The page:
Salmon farming is an important industry in Scotland, it provides huge numbers of jobs as well as generating considerable funds from its exports all over the world. Unfortunately, many seals are being shot because of their predilection for the salmon held in these farms. The Scottish Government under the Marine Act made it illegal to shoot or poison seals in Scotland unless a license is owned, or it is for the welfare of a suffering seal. However, there are plenty of people asking why they need to be shot at all when they are other methods that could be used to stop seals from taking the salmon.
Some fisheries employ the use of acoustic deterrent devices or ADD’S, that emit a high frequency noise to deter marine creatures from approaching the nets. But seals aren’t stupid, there have been reports that the seals will just place their heads above water and some have even learnt that that noise means a food source is present. Where as any other marine creatures, such as cetaceans are subjected to the loud noises and deafens them. These creatures rely on echolocation to find their food and as a result they are unable to hunt and face a death due to starvation. Predator nets appear to be the most effective deterrent, a double netted system to keep any predator away from the salmon cages, however these are costly. They require regular maintenance from divers to ensure their effectiveness and unfortunately fish farms seem to operate on the fact that it is cheaper to buy bullets!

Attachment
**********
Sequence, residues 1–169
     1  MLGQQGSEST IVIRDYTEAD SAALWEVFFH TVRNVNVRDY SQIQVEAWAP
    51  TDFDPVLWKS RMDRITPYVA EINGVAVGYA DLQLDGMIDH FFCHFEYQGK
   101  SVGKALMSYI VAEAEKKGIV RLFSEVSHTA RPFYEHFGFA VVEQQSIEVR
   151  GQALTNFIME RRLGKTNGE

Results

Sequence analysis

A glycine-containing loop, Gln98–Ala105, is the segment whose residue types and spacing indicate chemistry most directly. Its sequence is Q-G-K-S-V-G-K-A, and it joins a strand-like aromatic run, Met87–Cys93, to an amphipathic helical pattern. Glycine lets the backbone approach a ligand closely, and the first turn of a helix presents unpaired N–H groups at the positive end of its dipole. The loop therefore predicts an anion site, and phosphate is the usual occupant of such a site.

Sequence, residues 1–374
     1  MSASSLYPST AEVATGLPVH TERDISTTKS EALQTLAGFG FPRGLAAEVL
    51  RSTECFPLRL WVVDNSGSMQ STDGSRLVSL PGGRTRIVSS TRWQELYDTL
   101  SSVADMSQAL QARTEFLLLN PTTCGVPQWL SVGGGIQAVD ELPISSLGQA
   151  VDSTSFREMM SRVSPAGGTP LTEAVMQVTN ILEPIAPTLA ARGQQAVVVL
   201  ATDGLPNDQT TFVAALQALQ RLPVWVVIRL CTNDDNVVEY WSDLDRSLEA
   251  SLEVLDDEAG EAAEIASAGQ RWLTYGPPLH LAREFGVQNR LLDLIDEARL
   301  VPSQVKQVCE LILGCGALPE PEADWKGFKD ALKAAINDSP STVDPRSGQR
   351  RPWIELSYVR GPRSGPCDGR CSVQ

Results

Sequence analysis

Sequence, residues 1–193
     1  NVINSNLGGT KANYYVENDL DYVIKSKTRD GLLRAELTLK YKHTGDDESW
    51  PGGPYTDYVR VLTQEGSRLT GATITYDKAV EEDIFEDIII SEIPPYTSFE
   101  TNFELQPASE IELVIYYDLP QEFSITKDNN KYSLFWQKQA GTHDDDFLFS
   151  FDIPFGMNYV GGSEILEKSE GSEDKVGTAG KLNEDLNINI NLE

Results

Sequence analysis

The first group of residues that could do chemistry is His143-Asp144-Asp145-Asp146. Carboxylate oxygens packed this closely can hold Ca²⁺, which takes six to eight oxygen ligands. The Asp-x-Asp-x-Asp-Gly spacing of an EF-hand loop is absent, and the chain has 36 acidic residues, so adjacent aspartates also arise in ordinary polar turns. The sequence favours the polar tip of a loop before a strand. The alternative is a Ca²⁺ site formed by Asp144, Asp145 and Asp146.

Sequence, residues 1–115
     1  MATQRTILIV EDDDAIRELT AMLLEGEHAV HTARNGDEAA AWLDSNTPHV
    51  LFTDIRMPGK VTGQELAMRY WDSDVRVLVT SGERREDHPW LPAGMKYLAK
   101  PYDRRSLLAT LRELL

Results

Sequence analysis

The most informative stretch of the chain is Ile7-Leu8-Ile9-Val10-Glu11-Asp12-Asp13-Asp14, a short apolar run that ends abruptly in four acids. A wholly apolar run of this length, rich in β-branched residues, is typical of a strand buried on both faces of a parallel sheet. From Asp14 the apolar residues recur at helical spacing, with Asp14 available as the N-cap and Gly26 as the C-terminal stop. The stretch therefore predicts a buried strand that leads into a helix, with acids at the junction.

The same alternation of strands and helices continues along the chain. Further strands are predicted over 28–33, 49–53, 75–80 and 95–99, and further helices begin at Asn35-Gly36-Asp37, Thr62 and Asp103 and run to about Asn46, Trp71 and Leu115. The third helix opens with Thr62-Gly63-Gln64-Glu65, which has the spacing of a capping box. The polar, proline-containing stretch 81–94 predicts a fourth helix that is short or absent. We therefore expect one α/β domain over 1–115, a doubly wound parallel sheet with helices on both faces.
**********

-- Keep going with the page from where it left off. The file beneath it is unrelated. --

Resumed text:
It’s a difficult call, in one way Scotland relies on fish farming but it seems, to me anyway, unfair to build a huge farm and keep a large amount of a seals prey in one confined area and then shoot them for being opportunistic. It’s like that Kevin Costner movie; “if you build it they will come”. And that’s exactly what’s happened here. Someone built a huge farm to keep in a seal’s food source, and they have come to check it out. Surely, it’s a human’s responsibility to ensure that that farm is as secured as it possibly can be to prevent the suffering of any species. Just as if you kept chickens, you would build a secure fence around them to keep the fox’s and pine martens out. If it is nature for predators to seek out a food source, then it is the builder’s job to ensure it is secure.
I had no idea that this was going on in Scotland, at least not on the scale that it is. Since travelling north I have formed a huge affinity with these creatures and I truly was shocked to hear that this was still going ahead when there were alternatives available (yes, costly alternatives but alternatives none the less). From spending time watching seals on a daily basis I was encouraged to find out more about them and as result I stumbled upon the #silentslaughter project, which made me aware of the ongoing plight. You can find out more about this ongoing issue here;
Since those fleeting encounters on the south coast, I give seals a lot more thought now and I find myself, whenever I’m faced with an expanse of water staring out into it looking for those tell tell signs. The first glimpse of an oily black shape breaking the surface, to the ripples left behind as they submerge below the surface, I love them all. They all indicate to me the life below the surface and I am now clearly caught under the selkies spell.